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Ghazal for a Tumbleweed

Siddharth Dasgupta

This poem was first published in The Aleph Review, Vol. 5 (2021).

There stands Nargis, her face split in two

By rebel light. In black-and-white, across

The politik of age, tragedy assumes her—

The breeze wearing a leaf—this destiny

Left to dance; oh such fine drama.

Guru Dutt descends, a statue crumbling,

His face equally split by the light. Smoke

Hovers above him like departing belief.

He smokes a cigarette, a cigarette unlit

—bereft, to chance. Oh such fine drama.

In a bookshop, in Paris, leaves frolic

Like a salacious flock. The Beatniks and

The Losts, make no mistake, a contagious

Flock. Amid the unrest of seasons am I,

Humming a song from an album past.

Autumn is here, and leaves plunge

Amok. Trepidation clears his throat.

This is a morning to court life and the

promised kiss. Cupid on a broken roof.

Theft, cue nuance. Oh such fine drama.

Farida Khanum asks me not to leave.

She whispers that today, I shouldn’t

Make a fuss about this inevitable flight.

Even vinyl weeps, the shuffle in its

Voice drenched in notes of departure.

I hope the smell remains—that whiff

Of rain, and the beseeching of earth.

Of youth and young manhood, flung

Out into the wind. I struck a match;

Wept-thru glance. Oh such fine drama.

In a bookshop, in Paris, I lay down

Between rows of shelves. Looking up,

My eyes meet Fitzgerald. They meet Eco.

They meet a cavalcade of hyphenated

Indians, in this here paradisiacal limbo.

Portrait of a Poet by Zaam Arif

Nargis again, and Raj Kapoor. What to

Say of khwaish and age? They twirl among

The shelves—her sari drenched, his hat

Cocked—a mirage of prancing lovers.

Serif, due sans... Oh such fine drama.

I write a poem in the cinema of alit

Promises. A moving mosaic of images

And tête-à-têtes. I assume the film-star

Arrogance of the forties, flitting among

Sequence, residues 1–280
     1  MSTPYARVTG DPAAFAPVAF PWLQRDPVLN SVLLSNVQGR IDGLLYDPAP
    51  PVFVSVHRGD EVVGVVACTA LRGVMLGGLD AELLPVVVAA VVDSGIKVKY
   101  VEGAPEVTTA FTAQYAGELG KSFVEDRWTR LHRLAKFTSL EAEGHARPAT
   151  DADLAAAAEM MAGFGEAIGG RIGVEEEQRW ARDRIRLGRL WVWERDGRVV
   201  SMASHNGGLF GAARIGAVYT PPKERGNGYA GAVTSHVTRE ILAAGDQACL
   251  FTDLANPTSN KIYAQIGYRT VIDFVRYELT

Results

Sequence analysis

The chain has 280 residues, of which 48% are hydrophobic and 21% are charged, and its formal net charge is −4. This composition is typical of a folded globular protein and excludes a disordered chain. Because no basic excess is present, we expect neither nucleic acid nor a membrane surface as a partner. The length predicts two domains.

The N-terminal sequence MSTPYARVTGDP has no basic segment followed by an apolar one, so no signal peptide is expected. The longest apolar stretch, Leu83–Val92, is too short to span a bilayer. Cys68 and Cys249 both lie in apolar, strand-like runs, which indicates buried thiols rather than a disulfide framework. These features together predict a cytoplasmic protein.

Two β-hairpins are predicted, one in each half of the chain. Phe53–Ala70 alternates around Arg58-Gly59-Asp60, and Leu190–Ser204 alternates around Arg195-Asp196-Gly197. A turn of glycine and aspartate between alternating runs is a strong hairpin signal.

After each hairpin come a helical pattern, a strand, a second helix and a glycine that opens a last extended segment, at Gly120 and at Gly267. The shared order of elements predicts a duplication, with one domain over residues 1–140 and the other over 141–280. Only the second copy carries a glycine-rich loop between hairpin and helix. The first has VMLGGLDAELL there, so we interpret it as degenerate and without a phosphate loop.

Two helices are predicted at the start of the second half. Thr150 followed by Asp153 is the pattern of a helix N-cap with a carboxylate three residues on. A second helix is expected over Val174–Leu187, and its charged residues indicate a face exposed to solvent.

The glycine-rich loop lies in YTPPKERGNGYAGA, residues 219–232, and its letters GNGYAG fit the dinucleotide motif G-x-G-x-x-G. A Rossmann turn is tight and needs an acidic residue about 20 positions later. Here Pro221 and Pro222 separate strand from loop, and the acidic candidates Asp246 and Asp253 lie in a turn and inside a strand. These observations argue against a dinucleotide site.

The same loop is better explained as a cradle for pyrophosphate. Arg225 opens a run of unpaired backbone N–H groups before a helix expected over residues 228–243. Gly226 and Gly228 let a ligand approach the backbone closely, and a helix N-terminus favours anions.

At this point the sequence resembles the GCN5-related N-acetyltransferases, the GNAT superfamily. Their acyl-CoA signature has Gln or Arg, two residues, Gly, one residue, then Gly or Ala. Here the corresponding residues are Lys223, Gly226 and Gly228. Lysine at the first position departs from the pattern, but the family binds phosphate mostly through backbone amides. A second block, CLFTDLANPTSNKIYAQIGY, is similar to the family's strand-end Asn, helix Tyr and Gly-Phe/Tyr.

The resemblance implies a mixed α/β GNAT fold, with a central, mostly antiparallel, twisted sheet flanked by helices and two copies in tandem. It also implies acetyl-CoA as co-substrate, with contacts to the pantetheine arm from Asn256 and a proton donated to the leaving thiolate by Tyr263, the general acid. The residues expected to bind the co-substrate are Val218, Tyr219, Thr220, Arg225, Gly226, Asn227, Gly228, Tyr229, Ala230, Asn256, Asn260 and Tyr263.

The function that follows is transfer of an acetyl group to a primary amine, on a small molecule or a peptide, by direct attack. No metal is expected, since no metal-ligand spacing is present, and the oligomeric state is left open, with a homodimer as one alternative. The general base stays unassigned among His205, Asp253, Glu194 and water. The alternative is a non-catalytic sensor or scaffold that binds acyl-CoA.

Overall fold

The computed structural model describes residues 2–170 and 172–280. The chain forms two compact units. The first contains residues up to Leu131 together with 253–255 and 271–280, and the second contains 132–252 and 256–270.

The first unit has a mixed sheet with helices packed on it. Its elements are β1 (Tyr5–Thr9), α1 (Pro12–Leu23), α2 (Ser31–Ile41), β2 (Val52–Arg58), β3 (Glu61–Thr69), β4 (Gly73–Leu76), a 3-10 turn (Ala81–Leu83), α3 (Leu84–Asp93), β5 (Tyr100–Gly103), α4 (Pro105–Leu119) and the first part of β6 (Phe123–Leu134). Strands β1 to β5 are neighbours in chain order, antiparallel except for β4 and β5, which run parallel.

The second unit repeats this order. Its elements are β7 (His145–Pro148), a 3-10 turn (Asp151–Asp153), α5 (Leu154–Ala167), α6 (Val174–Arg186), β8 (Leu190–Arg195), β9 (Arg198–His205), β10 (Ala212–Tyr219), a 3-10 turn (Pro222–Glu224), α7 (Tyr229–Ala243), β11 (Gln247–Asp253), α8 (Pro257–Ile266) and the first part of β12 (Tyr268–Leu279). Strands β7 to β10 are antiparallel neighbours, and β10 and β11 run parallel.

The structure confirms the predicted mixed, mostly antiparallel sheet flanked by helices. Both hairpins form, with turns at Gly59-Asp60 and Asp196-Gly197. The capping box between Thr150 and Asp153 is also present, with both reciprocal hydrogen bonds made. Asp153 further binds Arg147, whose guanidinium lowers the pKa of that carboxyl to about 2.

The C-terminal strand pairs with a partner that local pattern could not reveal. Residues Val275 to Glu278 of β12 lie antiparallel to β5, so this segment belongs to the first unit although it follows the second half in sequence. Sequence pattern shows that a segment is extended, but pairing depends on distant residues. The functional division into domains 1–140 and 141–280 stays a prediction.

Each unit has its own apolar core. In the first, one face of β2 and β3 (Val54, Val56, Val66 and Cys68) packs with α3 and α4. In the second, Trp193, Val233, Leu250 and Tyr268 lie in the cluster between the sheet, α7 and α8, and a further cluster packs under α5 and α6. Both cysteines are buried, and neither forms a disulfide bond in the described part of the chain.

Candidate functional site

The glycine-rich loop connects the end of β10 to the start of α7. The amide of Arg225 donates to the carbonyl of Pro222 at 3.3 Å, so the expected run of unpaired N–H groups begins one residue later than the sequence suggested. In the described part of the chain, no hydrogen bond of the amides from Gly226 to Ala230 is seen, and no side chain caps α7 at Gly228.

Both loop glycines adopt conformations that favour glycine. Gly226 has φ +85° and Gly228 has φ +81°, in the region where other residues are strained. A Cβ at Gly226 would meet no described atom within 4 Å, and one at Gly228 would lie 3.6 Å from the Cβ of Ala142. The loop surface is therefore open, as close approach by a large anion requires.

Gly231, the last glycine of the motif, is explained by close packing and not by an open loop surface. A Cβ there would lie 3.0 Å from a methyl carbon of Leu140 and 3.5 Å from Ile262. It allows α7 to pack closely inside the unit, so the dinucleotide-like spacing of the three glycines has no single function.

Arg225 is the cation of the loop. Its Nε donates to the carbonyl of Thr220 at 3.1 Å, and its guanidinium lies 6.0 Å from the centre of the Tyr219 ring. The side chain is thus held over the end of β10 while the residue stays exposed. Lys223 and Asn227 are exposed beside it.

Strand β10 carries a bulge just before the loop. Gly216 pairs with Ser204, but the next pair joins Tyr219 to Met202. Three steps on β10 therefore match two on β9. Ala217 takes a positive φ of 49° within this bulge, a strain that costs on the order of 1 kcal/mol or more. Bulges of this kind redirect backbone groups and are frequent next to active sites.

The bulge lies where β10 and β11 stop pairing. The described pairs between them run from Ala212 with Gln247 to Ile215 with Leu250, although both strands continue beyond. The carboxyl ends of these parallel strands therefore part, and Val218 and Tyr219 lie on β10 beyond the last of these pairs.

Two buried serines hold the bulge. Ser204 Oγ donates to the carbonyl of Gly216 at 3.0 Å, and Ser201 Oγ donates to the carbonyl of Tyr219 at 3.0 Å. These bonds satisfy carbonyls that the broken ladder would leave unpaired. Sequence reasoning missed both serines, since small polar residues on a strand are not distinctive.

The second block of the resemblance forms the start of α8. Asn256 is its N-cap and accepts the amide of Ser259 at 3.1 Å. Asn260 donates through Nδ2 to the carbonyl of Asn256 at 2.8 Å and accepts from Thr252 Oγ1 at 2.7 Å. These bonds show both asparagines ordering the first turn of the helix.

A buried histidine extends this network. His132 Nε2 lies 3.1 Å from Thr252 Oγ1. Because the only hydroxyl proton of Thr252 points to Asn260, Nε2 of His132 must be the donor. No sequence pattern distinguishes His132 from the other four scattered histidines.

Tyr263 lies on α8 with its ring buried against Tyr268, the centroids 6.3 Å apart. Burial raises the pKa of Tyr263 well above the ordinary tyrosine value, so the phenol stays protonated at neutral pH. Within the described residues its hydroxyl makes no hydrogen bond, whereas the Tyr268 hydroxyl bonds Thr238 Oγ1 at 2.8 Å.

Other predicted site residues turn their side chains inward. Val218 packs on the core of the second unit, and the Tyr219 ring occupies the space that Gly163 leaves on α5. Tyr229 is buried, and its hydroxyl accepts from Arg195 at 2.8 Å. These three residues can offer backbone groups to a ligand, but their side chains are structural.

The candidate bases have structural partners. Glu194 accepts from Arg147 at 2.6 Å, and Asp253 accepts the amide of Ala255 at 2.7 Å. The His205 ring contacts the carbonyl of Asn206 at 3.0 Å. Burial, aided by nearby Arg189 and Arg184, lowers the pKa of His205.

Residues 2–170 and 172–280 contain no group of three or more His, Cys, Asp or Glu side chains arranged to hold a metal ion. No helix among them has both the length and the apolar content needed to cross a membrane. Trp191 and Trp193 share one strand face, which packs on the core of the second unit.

Scenes like a migratory Prospero.

Ghalib, le ja tu. This season is done. I have my books and I possess this heart.

I tumble into dawns that stir from the

Wombs of fabled cities. Drunk, I crept

Through romance. Oh such fine drama.


Siddharth Dasgupta in an Indian writer who crafts poetry and fiction from lost hometowns, cafés dappled in early morning light, and cities inflicted with an existential throb. His books traverse fictional landscapes, unpredictable verse, and that special somewhere in between. Siddharth is the author of four books, including A Moveable Feast and his work has appeared in Epiphany, Lunch Ticket, The Bosphorus Review, The Bombay Literary Magazine, Kyoto Journal, and elsewhere, while he has read in places like Bombay, Istanbul, Isfahan, Lucknow, Mandalay, Galle, and Paris. He lives in the city of Poona, embraced by an always fickle muse and the quiet startle of nostalgia. Follow the author on Instagram @citizen.bliss

Zaam Arif is an American-Pakistani contemporary artist residing and working in Houston, Texas. He is the youngest Pakistani artist to be published in The New Yorker. In 2021, his work was selected to be exhibited in the Malamegi Lab Award and was awarded the Malamegi Lab Research Grant in Italy.

Zaam explores existentialist experiences of the layman, the experiences that we tend to hide. He confronts it with a penetrating interpretation of human nature, transformingit into a visceral reality. His work is a manifestation of his understanding of the contemporary human condition along with insights garnered from his study of classical literature and psychology. He is adamant in exploring the harsher truths and inner conflicts that plague us all in this day and age, using visual contrast in all his pieces, whether through colour, lack thereof, or the medium itself, to express it.

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